"Competing and winning championships is a great thing, but what does it really mean? It doesn’t mean anything unless you can help push for change," he told The Guardian newspaper in an interview published on Tuesday.
"I cannot keep silent during this time. I decided that I have to use this platform. There are so many people out there who are struggling and so many who have experienced what I have experienced, and worse."
The interview was conducted by Michael Eboda, chief executive of Powerful Media, whose annual Powerlist on Tuesday named Hamilton as Britain's most influential Black person.
He was the only sportsman named in the top 10.
Hamilton has been the driving force in F1 to highlight racial injustice as well as push for diversity in F1 and champion environment issues.
The Briton has set up a commission of experts to help increase the representation of Black people in British motorsports, and routinely takes a knee and promotes Black Lives Matter at races on the grid before each race.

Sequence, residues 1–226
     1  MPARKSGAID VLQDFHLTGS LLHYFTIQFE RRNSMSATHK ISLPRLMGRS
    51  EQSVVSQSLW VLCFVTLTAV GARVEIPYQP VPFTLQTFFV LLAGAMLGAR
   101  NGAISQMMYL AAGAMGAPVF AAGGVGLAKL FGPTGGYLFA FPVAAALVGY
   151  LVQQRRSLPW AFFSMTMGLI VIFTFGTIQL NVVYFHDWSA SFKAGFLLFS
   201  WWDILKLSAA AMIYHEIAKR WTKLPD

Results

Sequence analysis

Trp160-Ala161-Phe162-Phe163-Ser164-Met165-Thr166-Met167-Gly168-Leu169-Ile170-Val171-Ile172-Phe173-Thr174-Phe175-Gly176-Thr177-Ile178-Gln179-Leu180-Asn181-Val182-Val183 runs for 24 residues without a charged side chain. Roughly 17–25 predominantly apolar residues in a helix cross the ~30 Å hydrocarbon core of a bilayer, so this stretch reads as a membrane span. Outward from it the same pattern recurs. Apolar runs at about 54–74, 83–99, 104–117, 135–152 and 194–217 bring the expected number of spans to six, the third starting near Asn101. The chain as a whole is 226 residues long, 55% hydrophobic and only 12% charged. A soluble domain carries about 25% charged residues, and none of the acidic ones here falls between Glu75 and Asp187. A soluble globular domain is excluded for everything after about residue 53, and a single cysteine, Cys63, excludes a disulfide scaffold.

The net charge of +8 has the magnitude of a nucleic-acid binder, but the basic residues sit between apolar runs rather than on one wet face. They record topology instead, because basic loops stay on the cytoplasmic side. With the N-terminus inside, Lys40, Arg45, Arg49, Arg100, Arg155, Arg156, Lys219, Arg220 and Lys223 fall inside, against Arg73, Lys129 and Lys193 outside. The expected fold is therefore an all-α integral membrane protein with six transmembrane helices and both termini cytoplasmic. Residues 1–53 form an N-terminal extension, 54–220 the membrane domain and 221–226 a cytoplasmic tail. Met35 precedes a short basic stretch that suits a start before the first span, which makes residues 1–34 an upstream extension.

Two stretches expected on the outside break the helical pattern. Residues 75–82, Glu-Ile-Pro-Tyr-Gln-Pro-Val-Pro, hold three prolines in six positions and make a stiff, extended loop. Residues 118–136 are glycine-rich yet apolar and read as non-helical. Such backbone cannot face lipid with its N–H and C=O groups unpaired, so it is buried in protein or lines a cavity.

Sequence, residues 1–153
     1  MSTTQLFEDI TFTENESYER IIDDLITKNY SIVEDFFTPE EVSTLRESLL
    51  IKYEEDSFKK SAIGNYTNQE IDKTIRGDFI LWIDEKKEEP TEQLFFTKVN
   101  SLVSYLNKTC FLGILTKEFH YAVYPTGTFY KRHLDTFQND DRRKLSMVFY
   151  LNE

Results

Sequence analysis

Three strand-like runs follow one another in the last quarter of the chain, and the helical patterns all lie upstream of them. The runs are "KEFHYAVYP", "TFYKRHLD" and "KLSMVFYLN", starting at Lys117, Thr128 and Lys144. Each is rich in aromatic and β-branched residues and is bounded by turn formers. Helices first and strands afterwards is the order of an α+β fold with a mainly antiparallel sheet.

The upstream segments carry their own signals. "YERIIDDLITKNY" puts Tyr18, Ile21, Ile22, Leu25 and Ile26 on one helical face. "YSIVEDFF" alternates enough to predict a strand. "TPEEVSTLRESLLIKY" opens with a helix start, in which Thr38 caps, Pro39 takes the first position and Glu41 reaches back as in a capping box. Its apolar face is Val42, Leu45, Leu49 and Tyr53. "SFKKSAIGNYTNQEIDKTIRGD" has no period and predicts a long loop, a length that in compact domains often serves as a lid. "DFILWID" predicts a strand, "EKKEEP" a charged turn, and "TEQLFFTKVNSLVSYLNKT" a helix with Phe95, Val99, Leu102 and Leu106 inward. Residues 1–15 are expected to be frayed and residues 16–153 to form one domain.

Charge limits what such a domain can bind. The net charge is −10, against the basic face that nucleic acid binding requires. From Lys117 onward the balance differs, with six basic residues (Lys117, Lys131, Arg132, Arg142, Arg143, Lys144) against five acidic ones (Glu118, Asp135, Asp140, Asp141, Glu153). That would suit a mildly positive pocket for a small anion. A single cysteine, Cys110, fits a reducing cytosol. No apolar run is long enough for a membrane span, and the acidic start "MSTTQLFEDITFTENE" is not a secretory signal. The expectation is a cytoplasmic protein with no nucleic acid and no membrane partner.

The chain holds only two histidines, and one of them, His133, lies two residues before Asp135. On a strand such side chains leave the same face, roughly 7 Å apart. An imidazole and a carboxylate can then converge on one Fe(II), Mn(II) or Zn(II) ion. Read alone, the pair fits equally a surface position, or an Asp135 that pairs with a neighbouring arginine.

"It is very symbolic to continue to utilise that platform and use that message," he said.
"And it’s important to continue to do it, to keep awareness, because otherwise this thing could die a quiet death and go back to how it was in the past. So I don’t see this changing for some time."
Hamilton said he wanted to really see a different Formula One in 10 years' time. He said he was talking to F1's commercial rights holders Liberty Media for a long-term role "to try to help them progress in the right direction and continue to bring in new audiences.
"I’ll probably do that as a side job. I honestly couldn’t be more excited about it," he said.
"On one side, I don’t want the time to ever go by fast. On the other, I can’t wait till I start this new chapter of my life."